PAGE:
Your precious one has applied for and received their provisional driving licence, but what does that mean for parents?
Here’s a handy guide to let you know what you and your child need to do, and what’s important to know.
Having a provisional licence doesn’t mean you can legally drive. If you want to head out onto the road, there are a few things you need to know
Going it Alone
It sounds obvious, but a learner driver can’t go out on the road alone. They will need to be accompanied by a person who is at least 21 years old and has had a full driving licence for at least three years. That usually means a driving instructor or Mum or Dad, but could include relatives or friends too.
While out with you, your supervising driver will need to ensure they comply with all driving laws which, importantly, even means avoiding using a mobile phone – yes, that includes when they’re in the passenger seat! They also can’t take any payment for their time unless they’re a qualified instructor.
As Long as the car is safe and legal, there shouldn’t be much of an issue here. It needs a valid MOT, assuming it’s more than three years old, and should be properly registered and taxed. It’s probably wise to have the vehicle serviced before heading out, as it’s likely to be treated a little less gently than normal.
Pay particular attention to the tyres – if they’re below the minimum legal required tread depth of 1.6mm then get them changed quickly.
You’ll also need to display an L plate (or D plate in Wales) on both the front and rear of the car. There are various sorts that stick on, are magnetic, or even tie to bumpers and the like, so there’ll be some suitable at your local motoring store.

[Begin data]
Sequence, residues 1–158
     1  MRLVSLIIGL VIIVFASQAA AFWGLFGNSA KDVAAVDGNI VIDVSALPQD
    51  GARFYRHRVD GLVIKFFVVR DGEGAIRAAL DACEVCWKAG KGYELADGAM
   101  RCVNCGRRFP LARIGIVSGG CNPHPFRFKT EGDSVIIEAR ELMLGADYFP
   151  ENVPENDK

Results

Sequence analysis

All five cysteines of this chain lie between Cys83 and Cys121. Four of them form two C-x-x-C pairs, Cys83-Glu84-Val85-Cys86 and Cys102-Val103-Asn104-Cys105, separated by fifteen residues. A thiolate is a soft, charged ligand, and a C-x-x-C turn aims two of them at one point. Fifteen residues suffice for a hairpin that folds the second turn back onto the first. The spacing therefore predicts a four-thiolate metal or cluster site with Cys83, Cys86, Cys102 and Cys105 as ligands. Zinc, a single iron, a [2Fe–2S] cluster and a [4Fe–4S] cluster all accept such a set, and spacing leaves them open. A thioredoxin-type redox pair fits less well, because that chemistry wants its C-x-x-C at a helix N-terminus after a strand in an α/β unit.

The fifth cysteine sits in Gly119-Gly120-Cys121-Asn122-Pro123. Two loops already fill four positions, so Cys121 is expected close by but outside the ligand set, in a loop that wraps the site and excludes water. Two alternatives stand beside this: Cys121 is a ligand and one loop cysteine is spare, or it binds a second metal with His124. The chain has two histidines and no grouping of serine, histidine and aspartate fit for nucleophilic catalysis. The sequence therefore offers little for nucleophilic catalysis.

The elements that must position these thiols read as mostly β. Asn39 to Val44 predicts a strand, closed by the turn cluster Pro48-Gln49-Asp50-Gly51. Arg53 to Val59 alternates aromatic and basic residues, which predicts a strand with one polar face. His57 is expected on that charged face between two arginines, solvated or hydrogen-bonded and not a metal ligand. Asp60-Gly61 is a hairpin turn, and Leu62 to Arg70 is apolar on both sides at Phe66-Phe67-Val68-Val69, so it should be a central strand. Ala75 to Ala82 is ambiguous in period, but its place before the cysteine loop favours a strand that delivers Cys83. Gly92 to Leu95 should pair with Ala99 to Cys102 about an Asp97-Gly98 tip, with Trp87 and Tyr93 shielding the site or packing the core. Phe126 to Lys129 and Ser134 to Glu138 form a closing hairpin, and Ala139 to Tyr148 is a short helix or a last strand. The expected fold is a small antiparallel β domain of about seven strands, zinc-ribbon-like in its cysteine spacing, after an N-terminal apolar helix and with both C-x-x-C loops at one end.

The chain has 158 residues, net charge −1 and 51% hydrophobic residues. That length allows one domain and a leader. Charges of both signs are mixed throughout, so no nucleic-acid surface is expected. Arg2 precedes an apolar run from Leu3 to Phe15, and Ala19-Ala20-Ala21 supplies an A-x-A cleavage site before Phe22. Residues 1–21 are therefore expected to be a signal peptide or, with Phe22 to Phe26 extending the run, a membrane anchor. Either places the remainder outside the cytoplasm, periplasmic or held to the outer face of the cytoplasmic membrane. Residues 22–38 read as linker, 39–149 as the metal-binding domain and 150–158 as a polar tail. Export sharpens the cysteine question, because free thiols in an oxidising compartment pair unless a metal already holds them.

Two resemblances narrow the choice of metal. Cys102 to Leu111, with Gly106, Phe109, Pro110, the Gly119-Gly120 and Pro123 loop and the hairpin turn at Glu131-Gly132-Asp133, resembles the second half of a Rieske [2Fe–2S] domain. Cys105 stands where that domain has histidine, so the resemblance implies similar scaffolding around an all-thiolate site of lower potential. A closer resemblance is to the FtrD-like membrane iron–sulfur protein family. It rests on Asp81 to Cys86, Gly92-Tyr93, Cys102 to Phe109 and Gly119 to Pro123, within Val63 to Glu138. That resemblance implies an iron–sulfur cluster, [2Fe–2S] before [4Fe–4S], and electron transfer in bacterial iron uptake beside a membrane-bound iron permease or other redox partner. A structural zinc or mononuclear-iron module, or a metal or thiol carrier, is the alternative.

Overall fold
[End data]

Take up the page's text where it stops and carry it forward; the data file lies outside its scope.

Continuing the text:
Insuring a learner driver is, sadly, never cheap. It’s also not necessarily that easy if they’re chopping and changing between cars, but mostly they’ll be sticking to one car – yours. For that reason you’ll need to ensure that your insurance company knows all about your new driver – call them and let them know what you want to do and they’ll come back with a price and any restrictions, such as requiring the supervising driver to be over 30. Assuming everybody is happy, pay the price and then hit the road.
Some lucky learners have their own car and, with it, insurance. That will usually cover any supervising driver, meaning there’s no need for extra cover, but take a look at the policy before going out on the road, as there may well be limits and restrictions. If you overlook something, it’s your fault and you get the fine and penalty points.
There is a little used third way. Some companies provide exclusive learner cover that sits on top of normal car insurance, and that can cover the learner driver in any car rather than a specific car. There’s a hefty monthly charge, but it might just be worth it to keep your own no claims bonus healthy.
If you’ve got this far and it’s all looking good, then it’s time for you both to head out onto the highway. Plan a route, and for those first few drives try to avoid anything unnecessarily complicated – narrow streets, complex and busy roundabouts and difficult junctions, for example.
Learning to drive isn’t as scary as it looks, for driver or supervisor, but it can get a bit tense, so stay relaxed and enjoy the ride.
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